Octopus Ornatus

Joined
Jan 8, 2004
Messages
651
Must have been wraslin' with a younger cyanea in that vid.

I can advise or go against your ambition, just sounds like a lot of big equiptment. What are you planning on?
 
Joined
Jan 8, 2004
Messages
651
I would not know their appetite. But, I don't believe your he'e pūloa, he'e mākoko will fit in that. Although slender, at two feet it will be able to make quite a mess, and have very little room. IMO -Sorry :frown:

Perhaps someone may have more info on that species here.

Have you researched a bimac?
 

KalihiBoy

Blue Ring
Registered
Joined
Feb 5, 2004
Messages
46
No i havent researched on a bimac, but the only reason i had researched on the ornatus and the cyanea is bcause we have alot down here were i live. :heee:

and the euprymna sclopes (Hawaiian Bobtail Squid) i have never seen when i went diving or snorkeling, so i think those are rare :cry: :cry: :cry: :cry: :cry: . :histio:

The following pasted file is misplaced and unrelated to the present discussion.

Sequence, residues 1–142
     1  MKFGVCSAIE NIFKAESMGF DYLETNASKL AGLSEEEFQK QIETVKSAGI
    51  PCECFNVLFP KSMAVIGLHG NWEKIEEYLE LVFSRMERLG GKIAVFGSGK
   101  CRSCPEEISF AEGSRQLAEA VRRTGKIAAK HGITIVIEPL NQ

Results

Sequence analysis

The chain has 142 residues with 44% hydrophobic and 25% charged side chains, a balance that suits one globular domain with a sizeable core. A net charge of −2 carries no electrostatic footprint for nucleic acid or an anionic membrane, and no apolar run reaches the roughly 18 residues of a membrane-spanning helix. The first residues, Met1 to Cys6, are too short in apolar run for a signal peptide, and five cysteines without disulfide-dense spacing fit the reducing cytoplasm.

Joined
Jul 31, 2003
Messages
1,312
Neptune do you want E. scolopes too? :smile:

Jai:

Another way to get a cephalopod, and my favorite option, is to collect your own. Collecting a cephalopod can be both fun, educational and challenging. Before you head to the great outdoors, be sure to check the local fishing regulations for your area. A fishing licence is almost always needed and in some areas cephalopods can not be collected. Divers (especially those that dive at night), fishermen, and professors of invertebrate biology are likely to know if cephalopods are in your area. Some species are nocturnal and/or are active at dawn and dusk so you may have to be up in the wee hours to find them. Some species, like E. scolopes, can be collected in very shallow water while other species are easier to collect while snorkeling or diving. I typically use a dive net, the kind that has clear plastic sides around an aluminum frame and screening at the bottom. I also use a tickle stick. My partner's job is to keep a light on the critter and try not to drown herself by inhaling water while laughing at my efforts... Unfortunately, there aren't any 'true' cuttlefish (those with a cuttlebone) like Sepia spp. off of North America. There are some close relatives like E. scolopes and Rossia spp. though.

From here.

So try very shallow water.
Would you seriously get some for us? :heee:
 

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